Michael & Fizz’s Story – The Advantage Family


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Meet Michael and Fizz.

Michael competed for Australia in Triathlon until he was hit by a truck and woke up a quadriplegic.

After nearly eight months in hospital and four years waiting for an assistance dog, in came Fizz – a bounding, exuberant Labrador.

Watch how Fizz brings laughter, fun and happiness back into Michael’s life, helps him regain his independence and strengthens the special bond with his daughter.

You can see more inspiring stories featuring real life dog, cat and pet parents just like you, as well as helpful how-to videos on pet nutrition and pet conditions, on The Advantage Family YouTube Channel – your furry friend online.

What’s more, we understand the importance of having information at hand, so visit http://theadvantagefamily.com.au for all things ‘pet’ and like our Friends Furever Facebook Page for exclusive promotions.

Maybe we can become even better friends?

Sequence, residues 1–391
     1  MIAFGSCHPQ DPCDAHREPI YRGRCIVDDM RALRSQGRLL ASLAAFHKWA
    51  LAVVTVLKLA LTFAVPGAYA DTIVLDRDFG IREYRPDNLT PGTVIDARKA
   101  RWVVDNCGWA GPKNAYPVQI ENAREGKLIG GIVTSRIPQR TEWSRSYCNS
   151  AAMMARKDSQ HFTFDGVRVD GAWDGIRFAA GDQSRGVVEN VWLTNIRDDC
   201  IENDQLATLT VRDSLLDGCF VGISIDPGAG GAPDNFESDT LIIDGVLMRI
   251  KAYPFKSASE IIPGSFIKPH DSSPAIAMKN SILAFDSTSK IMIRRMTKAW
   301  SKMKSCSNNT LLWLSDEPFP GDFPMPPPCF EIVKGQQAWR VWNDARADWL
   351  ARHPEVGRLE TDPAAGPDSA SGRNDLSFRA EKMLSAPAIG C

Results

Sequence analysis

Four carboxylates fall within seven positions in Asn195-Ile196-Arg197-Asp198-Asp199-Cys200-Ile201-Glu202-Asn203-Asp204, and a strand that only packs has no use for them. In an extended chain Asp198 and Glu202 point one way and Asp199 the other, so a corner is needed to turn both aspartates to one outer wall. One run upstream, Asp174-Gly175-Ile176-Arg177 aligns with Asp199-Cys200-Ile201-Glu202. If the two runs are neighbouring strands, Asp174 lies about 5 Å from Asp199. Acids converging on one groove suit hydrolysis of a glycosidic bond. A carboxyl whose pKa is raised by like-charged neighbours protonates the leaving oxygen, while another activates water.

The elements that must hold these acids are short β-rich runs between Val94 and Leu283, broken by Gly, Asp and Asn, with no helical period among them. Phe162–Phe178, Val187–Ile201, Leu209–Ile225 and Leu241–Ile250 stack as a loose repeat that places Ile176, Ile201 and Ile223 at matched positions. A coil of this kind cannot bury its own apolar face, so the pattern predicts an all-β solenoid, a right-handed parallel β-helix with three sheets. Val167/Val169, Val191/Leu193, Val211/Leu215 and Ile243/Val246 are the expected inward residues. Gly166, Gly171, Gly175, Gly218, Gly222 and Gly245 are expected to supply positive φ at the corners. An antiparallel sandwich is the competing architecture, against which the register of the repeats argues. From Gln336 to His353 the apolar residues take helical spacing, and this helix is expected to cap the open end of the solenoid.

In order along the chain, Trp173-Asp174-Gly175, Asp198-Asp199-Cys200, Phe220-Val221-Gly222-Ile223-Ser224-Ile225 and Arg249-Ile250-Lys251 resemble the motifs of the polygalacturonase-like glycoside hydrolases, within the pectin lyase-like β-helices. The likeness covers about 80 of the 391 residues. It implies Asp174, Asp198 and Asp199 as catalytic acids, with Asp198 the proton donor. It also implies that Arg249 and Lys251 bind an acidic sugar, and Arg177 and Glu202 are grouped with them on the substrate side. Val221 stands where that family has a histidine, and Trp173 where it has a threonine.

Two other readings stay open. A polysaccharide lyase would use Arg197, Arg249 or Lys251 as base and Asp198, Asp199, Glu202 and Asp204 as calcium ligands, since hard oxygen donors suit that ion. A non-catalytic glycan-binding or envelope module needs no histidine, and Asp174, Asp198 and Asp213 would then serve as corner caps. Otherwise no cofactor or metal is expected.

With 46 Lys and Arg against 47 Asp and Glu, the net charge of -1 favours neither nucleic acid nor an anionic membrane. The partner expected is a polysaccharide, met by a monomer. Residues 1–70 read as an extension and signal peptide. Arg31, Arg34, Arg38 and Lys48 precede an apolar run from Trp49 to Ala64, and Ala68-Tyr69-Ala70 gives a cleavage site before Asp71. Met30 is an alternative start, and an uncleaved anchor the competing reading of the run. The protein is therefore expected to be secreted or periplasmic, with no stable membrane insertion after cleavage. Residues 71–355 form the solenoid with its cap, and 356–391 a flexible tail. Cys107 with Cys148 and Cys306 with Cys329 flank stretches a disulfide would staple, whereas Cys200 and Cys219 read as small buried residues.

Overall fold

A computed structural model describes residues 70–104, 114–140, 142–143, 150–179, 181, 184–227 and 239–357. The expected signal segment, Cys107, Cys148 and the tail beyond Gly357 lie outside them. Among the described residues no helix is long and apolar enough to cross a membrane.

Michael: I competed for Australia in 2002 and 2003. I was a triathlete and also a cyclist, I’d always aspire to be the best that I could be, you get that feeling of my body shouldn’t be able to do this but it is, that was the buzz that I got from it. The day of my accident I went out for a training ride and I was on my way home and as I was coming up a rise I was struck just on my right arm by a truck that was coming past that was too close and I was then out of control and thrown into the back of a parked four wheel drive. Then woke up 12 days later in hospital having had a number of operations and was told I was a quadriplegic. It’s too big a moment to take in and process and I can still remember mouthing the words what happened. The doctors told me I wouldn’t eat or breathe myself again, and I was told I wouldn’t walk again and wouldn’t be able to move myself around in a wheelchair myself again. So very confronting, it was a total of about seven and a half months before I was out of hospital after the accident, so it’s a long and lengthy process but I think once you leave hospital, that’s really when it starts. The biggest and most difficult adjustment for me to make was that I was obviously a very physically active person and whilst that’s what I did it was also the way that I interacted with my daughter, so taking her swimming, taking her to the park, just playing with her generally I had to completely change the way that I played and interacted with at the time, my three and a half, four year old daughter. It was about six months after I was out of hospital that I sat down with my daughter and we put together an application to get an assistance dog. In my instance I waited over four years before I received a phone call to say my application had been successful and I think we waited a week after receiving the initial call. Fizz came down with a trainer and we had our initial meeting. He’s an incredibly athletic, bounding exuberant, well-trained dog. The biggest thing that an assistance dog can help you with when you’re in a wheelchair and your hands don’t work particularly well is picking things up. Anything that I point to that’s in the road of the wheelchair I can ask him o pick it up and pass it to me so it’s not in the road anymore, but the number one thing that he’s very helpful for is my crutches. I can walk with the aid of crutches but I can’t often reach them and pick them up but he can pass them to me so I can stand straight up and walk. He even jumps up and grabs them when they’re standing up now which I think is quite impressive. The comfort and the layer of surety of having an assistance dog provides over the top of the way I’m living is incredible. I’d hate to lose that now and certainly he’s provided for me a level of independence that I otherwise wouldn’t have. The arrival of fizz in our family has been a godsend. Since his arrival the joy, the happiness, the laughter, the fun games we’ve been able to play where we included a dog in them is wonderful. But certainly the relationship I have with my daughter again with the arrival of Fizz is wonderful.